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Creamy, six-inch flower heads form flattened spheres above heart-shaped leaves from June through frost.
Exceptional and enormous creamy flowerheads up to one foot across form billowy, flattened spheres that withstand the rain well. Leaves are large and downy.
Hydrangea arborescens is a southeastern U.S. native shrub with a rounded habit to 5 feet tall and domes of creamy white flowers over a long period beginning in early summer. The cultivar 'Grandiflora' has larger, showier flowerheads than the species. They grow to 6 to 8 inches across.
This is one of the most widely recognized species of hydrangeas. It boasts a plentiful number of cultivars. The species is divided into two groups: the Hortensias (or "mopheads") have globe-shaped flowers made up of large male flowers, and the Lacecaps have flattened flower heads, with central, female blossoms ringed in larger, male blossoms.
This compact shrub bears attractive deep green leaves and large, rounded flower heads of deep pink in neutral soil, and intense violet-blue in acidic soil.
This re-blooming mophead features inflorescences ranging 4-6 inches wide. Their color will be pink or blue depending on aluminum availability in soil. Compact habit with glossy dark green leaves.
This is a well-loved and vigorous cultivar with large, rounded flower heads of a rich, gorgeous blue.
'Pia' is a dwarf Hortensia (or "mophead"), with globe-shaped flower heads made up of deep rose, 4-inch-wide flowers.
This mound-forming shrub has white leaf margins and blue or pink lacecap inflorescences.
This plant produces gracefully arching branches and pyramidal clusters of white, then pink-tinged to dusky purple blossoms.
Large, sometimes giant white flower heads reaching 6 to 18 inches long turn pinkish with age. 'Grandiflora' is a fast-growing shrub that can reach 25 feet tall. Hydrangea paniculata is one of the most cold-hardy species. It may be grown as a single-stemmed tree specimen or as a multi-stemmed shrub.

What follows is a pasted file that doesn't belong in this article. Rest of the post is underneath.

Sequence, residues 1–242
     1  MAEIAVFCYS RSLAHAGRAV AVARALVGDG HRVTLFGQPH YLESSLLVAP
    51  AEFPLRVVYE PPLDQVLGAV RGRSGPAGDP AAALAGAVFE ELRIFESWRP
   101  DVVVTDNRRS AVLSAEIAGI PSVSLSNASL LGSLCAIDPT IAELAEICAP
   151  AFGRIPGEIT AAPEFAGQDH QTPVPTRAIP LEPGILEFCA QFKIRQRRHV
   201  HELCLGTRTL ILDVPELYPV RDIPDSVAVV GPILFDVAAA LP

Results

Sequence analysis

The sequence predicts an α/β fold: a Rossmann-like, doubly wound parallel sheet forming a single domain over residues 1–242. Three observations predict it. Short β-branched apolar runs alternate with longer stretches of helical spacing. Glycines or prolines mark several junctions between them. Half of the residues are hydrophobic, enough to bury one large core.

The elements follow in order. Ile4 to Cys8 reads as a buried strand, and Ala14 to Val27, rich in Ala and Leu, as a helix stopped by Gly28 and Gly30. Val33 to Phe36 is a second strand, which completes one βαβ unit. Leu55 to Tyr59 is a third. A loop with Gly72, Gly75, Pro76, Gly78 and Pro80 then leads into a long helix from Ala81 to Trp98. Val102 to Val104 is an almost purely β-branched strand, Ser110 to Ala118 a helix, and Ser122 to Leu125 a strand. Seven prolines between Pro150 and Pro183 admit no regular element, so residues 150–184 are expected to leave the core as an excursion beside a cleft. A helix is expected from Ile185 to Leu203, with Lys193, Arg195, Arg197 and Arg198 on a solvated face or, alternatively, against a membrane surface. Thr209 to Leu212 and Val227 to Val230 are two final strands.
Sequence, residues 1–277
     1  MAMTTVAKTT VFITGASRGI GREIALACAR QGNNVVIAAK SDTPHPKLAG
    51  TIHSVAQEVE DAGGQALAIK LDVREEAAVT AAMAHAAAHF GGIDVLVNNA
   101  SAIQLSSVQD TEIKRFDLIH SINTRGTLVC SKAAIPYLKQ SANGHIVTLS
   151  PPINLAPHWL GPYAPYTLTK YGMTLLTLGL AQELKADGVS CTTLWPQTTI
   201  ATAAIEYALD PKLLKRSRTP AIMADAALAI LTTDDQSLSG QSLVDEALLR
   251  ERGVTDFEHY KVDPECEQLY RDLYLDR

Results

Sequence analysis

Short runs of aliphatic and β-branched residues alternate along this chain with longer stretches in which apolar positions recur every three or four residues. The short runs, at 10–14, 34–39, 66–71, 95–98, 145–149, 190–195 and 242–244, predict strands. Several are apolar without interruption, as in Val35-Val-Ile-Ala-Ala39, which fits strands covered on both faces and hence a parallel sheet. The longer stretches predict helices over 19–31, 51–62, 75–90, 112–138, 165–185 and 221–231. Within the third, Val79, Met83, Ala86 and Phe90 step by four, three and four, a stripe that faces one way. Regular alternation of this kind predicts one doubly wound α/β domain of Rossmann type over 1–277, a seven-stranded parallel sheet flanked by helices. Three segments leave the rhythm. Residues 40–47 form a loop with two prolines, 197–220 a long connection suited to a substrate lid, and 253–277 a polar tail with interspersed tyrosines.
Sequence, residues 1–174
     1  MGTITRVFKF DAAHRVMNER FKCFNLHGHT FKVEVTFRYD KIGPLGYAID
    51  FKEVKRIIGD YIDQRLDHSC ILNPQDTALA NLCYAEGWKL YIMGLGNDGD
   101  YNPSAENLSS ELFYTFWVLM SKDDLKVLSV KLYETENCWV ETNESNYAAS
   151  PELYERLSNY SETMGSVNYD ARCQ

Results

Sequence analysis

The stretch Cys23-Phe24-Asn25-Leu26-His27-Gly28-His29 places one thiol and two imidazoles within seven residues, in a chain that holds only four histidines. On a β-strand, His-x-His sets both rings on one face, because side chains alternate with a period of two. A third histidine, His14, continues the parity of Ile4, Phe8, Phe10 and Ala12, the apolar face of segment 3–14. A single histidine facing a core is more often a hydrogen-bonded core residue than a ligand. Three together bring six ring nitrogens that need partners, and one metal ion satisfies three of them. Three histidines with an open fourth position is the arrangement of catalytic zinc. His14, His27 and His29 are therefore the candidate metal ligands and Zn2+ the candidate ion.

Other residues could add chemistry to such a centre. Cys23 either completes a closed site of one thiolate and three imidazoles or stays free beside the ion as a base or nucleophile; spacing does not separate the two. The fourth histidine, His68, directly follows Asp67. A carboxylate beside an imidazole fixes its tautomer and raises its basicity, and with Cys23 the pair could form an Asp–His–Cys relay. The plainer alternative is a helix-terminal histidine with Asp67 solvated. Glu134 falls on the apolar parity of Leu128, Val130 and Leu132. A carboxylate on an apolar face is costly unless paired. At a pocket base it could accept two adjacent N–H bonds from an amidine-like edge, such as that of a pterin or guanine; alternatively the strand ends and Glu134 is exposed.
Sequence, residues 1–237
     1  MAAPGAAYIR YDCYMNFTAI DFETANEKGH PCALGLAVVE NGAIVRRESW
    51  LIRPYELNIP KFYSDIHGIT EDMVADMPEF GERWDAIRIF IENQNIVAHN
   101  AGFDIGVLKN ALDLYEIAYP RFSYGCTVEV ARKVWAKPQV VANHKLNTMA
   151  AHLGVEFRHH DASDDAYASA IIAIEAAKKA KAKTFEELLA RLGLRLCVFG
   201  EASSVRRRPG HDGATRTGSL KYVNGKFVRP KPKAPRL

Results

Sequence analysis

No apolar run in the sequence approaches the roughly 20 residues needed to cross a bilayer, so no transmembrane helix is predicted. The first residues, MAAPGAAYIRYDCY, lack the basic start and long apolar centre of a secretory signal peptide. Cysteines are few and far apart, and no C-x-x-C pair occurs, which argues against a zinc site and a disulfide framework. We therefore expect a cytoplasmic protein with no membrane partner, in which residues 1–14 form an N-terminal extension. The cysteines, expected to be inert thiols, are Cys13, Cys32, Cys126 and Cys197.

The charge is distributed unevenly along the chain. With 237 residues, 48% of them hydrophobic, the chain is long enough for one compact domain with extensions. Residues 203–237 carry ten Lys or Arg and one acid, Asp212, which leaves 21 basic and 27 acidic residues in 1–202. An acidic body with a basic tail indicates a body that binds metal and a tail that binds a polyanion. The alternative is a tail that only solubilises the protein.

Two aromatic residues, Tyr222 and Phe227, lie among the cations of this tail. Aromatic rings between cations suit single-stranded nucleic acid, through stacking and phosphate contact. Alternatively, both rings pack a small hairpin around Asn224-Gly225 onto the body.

This variety of the popular panicle hydrangea boasts very large, lime green blooms in mid-summer that turn pink in fall. A deciduous shrub, it grows to 8 feet tall and 6 feet wide with large, mid-green leaves. The blooms make good cut and/or dried flowers, but can be left on the plant for winter interest.
'Tardiva' is a late-flowering (early to late autumn) cultivar with loosely-packed, sharply pointed white flower heads that turn purplish-pink with age. It is a vigorous, fast growing deciduous shrub that reaches 8 to 12 feet tall.
'Unique' bears 8-inch-long white flower heads that fade to pinkish white. It is similar to, but more vigorous than, Hydrangea paniculata 'Grandiflora'. The cultivar name refers to the shape of the flower heads; they are broad at the base and rounded at the tip.
Oakleaf hydrangeas are already one of my favorite shrubs: They are tough and reliable; have great foliage, flowers, and fall color; and provide stems of dried flowers in winter. Just when I thought they could not get any better, chartreuse-foliaged ‘Little Honey’ came along. Creamy white flowers appear in summer, then dry on the plant for months of show. ‘Little Honey’ rarely requires pruning, besides some thinning or shaping. To brighten the shade even more, plant hot pink or orange flowers and bright purple-foliaged tropicals nearby. -Irvin Etienne, Fine Gardening #147 (October 2012), page 72
This cultivar produces 8-inch-long, conical flower heads from early summer on. It is as notable for its distinct, deeply lobed leaves as for its reliably showy, creamy blooms. The foliage produces outstanding fall color and the flowers take on purplish-pink hues when dried.
This cultivar has large flowerheads of intricate double blossoms layered on top of one another. It is as notable for its distinct, deeply lobed leaves as for its reliably showy, creamy blooms. The foliage produces outstanding fall color, and the flowers take on purplish-pink hues as they dry.
This species was formerly grouped with the Lacecap hydrangeas because of its flattened flowerheads that consist of central, small florets surrounded by showy, larger florets. It is similiar to H. macrophylla but is a more compact plant with smaller flowers and leaves.
This pretty little blue-violet iris with yellow and white falls is native to the central U.S. Its early summer flowers are somewhat hidden among the foliage, as the stems are shorter than the leaves. In the wild, it grows in damp areas. In the garden, it appreciates a moist soil, especially in hot climates. Grow it where its flowers can be seen, such as at the front of a border, in a woodland, or at waterside.
Spectacular, but fleeting, stemless blooms have blue-lilac petals, each with a white patch and a yellow or orange crest on each fall. Crested iris blooms in May. Dagger-shaped leaves 5 to 6 inches tall form an attractive, cool green carpet of stiff leaves. ‘Alba’ is a white-flowered variety.
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